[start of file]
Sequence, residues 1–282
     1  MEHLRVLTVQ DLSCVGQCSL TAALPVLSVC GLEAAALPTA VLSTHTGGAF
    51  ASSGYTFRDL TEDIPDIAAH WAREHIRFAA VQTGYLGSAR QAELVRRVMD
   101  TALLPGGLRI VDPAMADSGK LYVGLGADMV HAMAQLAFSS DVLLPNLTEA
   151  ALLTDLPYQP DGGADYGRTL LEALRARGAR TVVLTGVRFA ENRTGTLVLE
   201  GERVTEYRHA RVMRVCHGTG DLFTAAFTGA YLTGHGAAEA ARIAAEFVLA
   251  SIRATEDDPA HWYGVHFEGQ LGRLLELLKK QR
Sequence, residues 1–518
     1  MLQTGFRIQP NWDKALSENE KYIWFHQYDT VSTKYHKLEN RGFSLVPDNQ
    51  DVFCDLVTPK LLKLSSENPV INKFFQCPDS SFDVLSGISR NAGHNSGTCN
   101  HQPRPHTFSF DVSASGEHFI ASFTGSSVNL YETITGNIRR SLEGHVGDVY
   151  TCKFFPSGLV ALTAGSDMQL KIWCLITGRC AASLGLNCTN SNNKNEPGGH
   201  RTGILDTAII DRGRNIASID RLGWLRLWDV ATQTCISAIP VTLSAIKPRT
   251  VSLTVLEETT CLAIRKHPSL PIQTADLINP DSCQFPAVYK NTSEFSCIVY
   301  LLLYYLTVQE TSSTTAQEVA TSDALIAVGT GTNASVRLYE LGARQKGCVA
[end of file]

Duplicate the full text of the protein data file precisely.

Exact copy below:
Sequence, residues 1–282
     1  MEHLRVLTVQ DLSCVGQCSL TAALPVLSVC GLEAAALPTA VLSTHTGGAF
    51  ASSGYTFRDL TEDIPDIAAH WAREHIRFAA VQTGYLGSAR QAELVRRVMD
   101  TALLPGGLRI VDPAMADSGK LYVGLGADMV HAMAQLAFSS DVLLPNLTEA
   151  ALLTDLPYQP DGGADYGRTL LEALRARGAR TVVLTGVRFA ENRTGTLVLE
   201  GERVTEYRHA RVMRVCHGTG DLFTAAFTGA YLTGHGAAEA ARIAAEFVLA
   251  SIRATEDDPA HWYGVHFEGQ LGRLLELLKK QR
Sequence, residues 1–518
     1  MLQTGFRIQP NWDKALSENE KYIWFHQYDT VSTKYHKLEN RGFSLVPDNQ
    51  DVFCDLVTPK LLKLSSENPV INKFFQCPDS SFDVLSGISR NAGHNSGTCN
   101  HQPRPHTFSF DVSASGEHFI ASFTGSSVNL YETITGNIRR SLEGHVGDVY
   151  TCKFFPSGLV ALTAGSDMQL KIWCLITGRC AASLGLNCTN SNNKNEPGGH
   201  RTGILDTAII DRGRNIASID RLGWLRLWDV ATQTCISAIP VTLSAIKPRT
   251  VSLTVLEETT CLAIRKHPSL PIQTADLINP DSCQFPAVYK NTSEFSCIVY
   301  LLLYYLTVQE TSSTTAQEVA TSDALIAVGT GTNASVRLYE LGARQKGCVA